Now I was heading back to Underpass but……
It was starting to get warm and the section back included some exposed sunny spots. I was running well but began to bake a little. And now I was passing people from behind….
Look over there! A whirlpool for me to jump in. Maybe, if I just hang over here I’ll avoid being sucked in.
So for the next few miles, I ran on the edge. I wasn’t feeling incredibly spent but knew I was losing energy to the heat. Now, eventual Cayuga Trails 50 (and USA 50 Mile Trail Championships) winner, Tyler Sigl was headed my way. So that meant, I was about to rejoin two-way traffic right in time for singletrack! The toughest part of singletrack was on a downhill stretch not too far from Underpass where I had to pass three people. Two were easy and as I was within 10 feet of the third, the gentleman fell. I stopped to see if he was ok. He had cramped up. I didn’t want to leave him. However the other two runners I had passed were there too and I was told to get moving.
Before I knew it, I was in the little patch right before the stream crossing at Underpass. The ground damp earlier had caked over showing clear signs of the suns effects and the rising temps. So, I said a big hello to the water taking time to cool off before going into the aid station where I stopped for the first time all day to top off my bottle. I was in and out pretty quickly. At this point, I started to wonder how much of a lead I had which played perfectly into the wall I hit. On the first real incline after Underpass on the way back, my legs told me to ‘bugger off’. I had to power hike what should have been a really runnable stretch. And when I hit the top, I had a tough time starting my running gear back up. OH NO!!!! Not now. Not this far out. In my head, I told myself if I have 6 minutes up with 3 miles to go that I would be good. Considering I had not really seen second all day, I thought I might have had that.
So now, I was beginning to lose steam and feeling a bit safe that I didn’t need to panic. I got some running going and during those patches I saw eventual women’s winner Connie Malcolm (who was awesomely supportive and encouraging as she was running her race.), Jason and Adam, who gave me a solid high five. All this was before Lucifer’s Steps which I was mentally wanting to rock but my tank was emptier than a California reservoir during a drought. Umph. I made it up. Whew. After, I had crossed the little stream crossing near Old Mill, I managed to look to the other side of the stream and saw a runner with a marathon bib. SECOND PLACE was right there!!!!!! It wasn’t 6 minutes. It might have been 2 if I was lucky. My race was about to get real. Cayuga was going to test me.
As I rolled through Old Mill, Ian asked if I needed anything…..a big nope. No time to stop Mr. Golden, I got a race hanging on by a thread. Any hope of relaxing on uphills was gone. I couldn’t take it conservative on steps. I had to give it all I had. And I did. Yes, I did have to power hike one or two little spots but if I didn’t my legs were done for. The sketchy wooden steps, I was going two – three at a time. Use the downs to roll into the ups, I was telling myself. Got to get to the crest of the hill we climbed on the way out. Is this it? It is!!!! Open it up, pal. Bomb this downhill. And I did. And every step hurt. I so wanted to be done. I knew I was going to be spit out on flat ground and would have to run easily a quarter mile to the finish. I was hoping it was enough and that I opened up some breathing room. The moment, I hit the final turn, I looked cross the meadow and second was right there! I had to run and run hard. From the sound of the horn, this race was mine for the taking. All day, I was out front. The last thing I wanted now was to lose in the final straight away.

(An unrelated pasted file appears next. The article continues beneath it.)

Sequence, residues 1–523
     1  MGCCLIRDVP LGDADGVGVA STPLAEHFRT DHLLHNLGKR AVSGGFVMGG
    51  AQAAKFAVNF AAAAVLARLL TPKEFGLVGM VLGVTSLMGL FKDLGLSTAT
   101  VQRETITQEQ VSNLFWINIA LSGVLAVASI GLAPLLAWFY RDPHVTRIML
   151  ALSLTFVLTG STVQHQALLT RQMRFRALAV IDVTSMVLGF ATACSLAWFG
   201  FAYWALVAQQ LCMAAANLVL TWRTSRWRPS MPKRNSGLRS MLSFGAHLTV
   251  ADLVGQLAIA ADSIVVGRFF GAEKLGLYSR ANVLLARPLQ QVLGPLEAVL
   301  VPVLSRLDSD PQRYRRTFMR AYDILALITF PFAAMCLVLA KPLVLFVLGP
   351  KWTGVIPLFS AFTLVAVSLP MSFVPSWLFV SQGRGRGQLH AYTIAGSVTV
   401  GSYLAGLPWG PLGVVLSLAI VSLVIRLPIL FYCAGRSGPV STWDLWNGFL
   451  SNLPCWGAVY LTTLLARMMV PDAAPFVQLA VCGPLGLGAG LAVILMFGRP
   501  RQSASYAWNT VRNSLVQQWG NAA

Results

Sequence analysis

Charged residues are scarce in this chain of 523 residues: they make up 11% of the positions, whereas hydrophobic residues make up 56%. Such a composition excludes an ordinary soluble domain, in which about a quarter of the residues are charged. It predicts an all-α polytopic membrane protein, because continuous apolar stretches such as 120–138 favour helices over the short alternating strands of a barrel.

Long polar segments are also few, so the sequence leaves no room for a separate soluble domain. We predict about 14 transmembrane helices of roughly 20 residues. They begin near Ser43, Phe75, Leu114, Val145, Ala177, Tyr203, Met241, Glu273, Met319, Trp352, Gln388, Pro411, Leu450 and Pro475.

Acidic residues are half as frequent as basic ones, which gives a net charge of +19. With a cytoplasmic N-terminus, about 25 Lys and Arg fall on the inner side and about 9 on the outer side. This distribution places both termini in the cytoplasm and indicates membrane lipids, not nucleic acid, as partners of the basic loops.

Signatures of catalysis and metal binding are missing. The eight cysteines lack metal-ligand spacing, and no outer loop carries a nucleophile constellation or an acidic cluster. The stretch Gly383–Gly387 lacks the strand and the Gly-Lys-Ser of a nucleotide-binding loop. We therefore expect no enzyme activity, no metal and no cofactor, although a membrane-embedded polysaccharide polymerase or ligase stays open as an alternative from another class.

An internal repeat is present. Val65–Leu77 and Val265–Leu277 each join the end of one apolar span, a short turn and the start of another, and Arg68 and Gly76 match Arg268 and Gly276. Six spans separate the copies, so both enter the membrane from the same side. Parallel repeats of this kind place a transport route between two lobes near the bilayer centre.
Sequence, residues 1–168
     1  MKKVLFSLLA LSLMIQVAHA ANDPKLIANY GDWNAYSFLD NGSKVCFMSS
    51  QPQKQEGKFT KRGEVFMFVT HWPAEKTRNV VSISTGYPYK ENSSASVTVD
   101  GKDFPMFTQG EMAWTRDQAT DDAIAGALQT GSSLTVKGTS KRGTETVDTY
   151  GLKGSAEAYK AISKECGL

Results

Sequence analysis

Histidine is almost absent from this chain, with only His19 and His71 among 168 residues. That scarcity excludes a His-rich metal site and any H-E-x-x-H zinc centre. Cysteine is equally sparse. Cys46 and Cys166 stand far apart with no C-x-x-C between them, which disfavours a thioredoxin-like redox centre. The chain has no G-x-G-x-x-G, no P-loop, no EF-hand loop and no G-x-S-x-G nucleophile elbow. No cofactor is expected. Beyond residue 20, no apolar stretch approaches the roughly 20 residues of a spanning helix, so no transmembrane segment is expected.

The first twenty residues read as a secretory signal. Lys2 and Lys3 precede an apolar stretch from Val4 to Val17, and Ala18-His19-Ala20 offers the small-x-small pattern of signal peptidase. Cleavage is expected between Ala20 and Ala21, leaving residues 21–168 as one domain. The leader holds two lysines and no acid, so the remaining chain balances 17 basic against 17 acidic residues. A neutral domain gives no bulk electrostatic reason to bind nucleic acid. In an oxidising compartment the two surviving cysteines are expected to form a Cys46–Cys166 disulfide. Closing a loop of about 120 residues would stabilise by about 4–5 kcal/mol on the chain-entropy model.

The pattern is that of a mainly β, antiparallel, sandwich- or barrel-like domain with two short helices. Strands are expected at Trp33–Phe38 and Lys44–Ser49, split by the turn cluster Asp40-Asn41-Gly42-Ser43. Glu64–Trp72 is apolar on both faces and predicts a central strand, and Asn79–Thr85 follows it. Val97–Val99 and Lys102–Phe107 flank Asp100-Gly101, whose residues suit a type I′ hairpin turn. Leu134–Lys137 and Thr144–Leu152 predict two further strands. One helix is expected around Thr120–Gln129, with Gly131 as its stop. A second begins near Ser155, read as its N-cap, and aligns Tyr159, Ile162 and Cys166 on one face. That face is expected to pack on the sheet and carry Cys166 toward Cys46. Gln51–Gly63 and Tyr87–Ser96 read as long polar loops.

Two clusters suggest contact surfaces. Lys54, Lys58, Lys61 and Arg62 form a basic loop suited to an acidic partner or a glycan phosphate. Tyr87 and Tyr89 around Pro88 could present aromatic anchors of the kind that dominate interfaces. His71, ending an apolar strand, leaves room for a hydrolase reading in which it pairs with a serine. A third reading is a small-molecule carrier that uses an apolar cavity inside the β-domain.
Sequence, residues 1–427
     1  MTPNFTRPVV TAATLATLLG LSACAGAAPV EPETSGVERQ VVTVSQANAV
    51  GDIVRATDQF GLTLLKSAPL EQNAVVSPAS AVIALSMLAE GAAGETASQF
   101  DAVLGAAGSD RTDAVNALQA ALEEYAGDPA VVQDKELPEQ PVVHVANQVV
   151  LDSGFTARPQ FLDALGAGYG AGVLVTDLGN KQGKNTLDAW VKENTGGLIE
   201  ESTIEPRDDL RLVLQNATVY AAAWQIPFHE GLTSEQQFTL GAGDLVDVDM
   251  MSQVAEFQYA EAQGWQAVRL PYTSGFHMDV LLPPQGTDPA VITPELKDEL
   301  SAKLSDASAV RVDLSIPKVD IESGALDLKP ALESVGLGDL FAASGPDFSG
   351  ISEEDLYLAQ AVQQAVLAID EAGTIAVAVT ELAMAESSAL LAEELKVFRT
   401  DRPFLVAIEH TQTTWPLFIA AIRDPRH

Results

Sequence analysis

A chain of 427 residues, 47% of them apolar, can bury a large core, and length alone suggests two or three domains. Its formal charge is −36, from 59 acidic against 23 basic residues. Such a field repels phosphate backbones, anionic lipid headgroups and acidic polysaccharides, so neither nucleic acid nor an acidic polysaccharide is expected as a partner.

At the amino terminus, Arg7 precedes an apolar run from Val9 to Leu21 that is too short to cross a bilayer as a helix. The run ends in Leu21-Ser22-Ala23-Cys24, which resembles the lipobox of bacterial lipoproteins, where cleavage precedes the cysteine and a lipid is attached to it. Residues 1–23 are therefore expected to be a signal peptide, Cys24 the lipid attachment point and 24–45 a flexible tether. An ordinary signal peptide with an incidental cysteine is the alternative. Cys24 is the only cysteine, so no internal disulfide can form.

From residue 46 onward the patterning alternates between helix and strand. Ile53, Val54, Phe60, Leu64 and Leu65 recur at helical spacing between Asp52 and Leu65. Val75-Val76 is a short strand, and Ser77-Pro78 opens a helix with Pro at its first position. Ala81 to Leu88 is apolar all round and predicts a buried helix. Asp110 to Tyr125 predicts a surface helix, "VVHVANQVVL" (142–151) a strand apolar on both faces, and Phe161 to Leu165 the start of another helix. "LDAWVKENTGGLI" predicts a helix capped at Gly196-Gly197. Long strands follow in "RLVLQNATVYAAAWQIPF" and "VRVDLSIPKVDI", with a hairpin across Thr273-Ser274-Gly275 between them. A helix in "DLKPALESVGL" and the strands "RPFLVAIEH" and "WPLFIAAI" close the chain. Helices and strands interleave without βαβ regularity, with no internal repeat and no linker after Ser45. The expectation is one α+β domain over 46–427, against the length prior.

There it is! The finish banner! I crossed it without being passed. I WON!!!! I did it.
As I crossed the line, I went straight to the ground, I was fried. Second place crossed like a boss not far later. After a few minutes, I managed to crawl inside the building and cool off. It took two ice packs (one on my chest and one on my neck) 40 minutes to bring my core down to a reasonable level where I felt revived. Whew.
Later on, I would learn that I had 4 minutes of a lead with 7 miles to go and held on by 12 seconds. My lead grew all day until those final 7 when I gave it all back. Well not all of it, I did have those spare 12.
Finish time: 3:41:46.
I hung around for a bit at the finish once I got back up. Until the idea was placed in my head about getting some Ben & Jerry’s. At that point, I went back to the cabin to get fresh clothes and the car to drive for some grub. Sadly the Ben & Jerry’s did not happen since I couldn’t find the Coffee Coffee Buzz Buzz flavor. On the bright side, Arby’s did have the Orange Cream shake! Oh year. I got that and a large order of curly fries. Delicious. Following my food quest, I went back to the finish and spent much of the rest of the day there since awards were to be at 5 (ended up at 6). But I got to talk with Ben, Iain, Ian, Ryan, Jan, Cole, the Rusecki’s and Matt (who took 3rd). Also, saw Elaine win the ‘coming in hot’ award. Sadly, I missed Jason and Adam.
Once things settled down, Matt, Jan and I went to Ithaca Beer Co. for food. Our original party of 4 (Natalie Thompson was joining us) turned into 11 as others including Dylan Bowman joined. Thankfully, we ordered with perfection and our server didn’t hate us all that much. Due to dinner taking longer than expected, any plans of a fire at Cabin 6 were dashed as we opted to call it a night. Early Sunday morning I left while the guys were sleeping. It would have been nice to join the morning shakeout run but I had a rental car to get back. And thus, closed my weekend. (I did get in a run as I dropped gear home first and ran from the rental place back home.)
Before I sign off on this epic, I want to take a moment and say thanks to Ian Golden for hosting the event. My relationship with all things Cayuga Trails has been tough. Two years ago, the 50 was my first DNF. Last year, it was a DNS (as part of a month of 3 other DNFs). This year, I eeked out a win in the inaugural marathon race that accompanied the main event. However, all along the way, Ian has been incredible supportive to me and the trail/ultra scene as a whole. He works hard at what he does to make all the events he is involved with top notch. So if you see a Red Newt Racing or Ian Golden attached to an event, give it consideration.
Now to move onward and upward. (And maybe next time I'm at Cayuga it will be back for the main event.)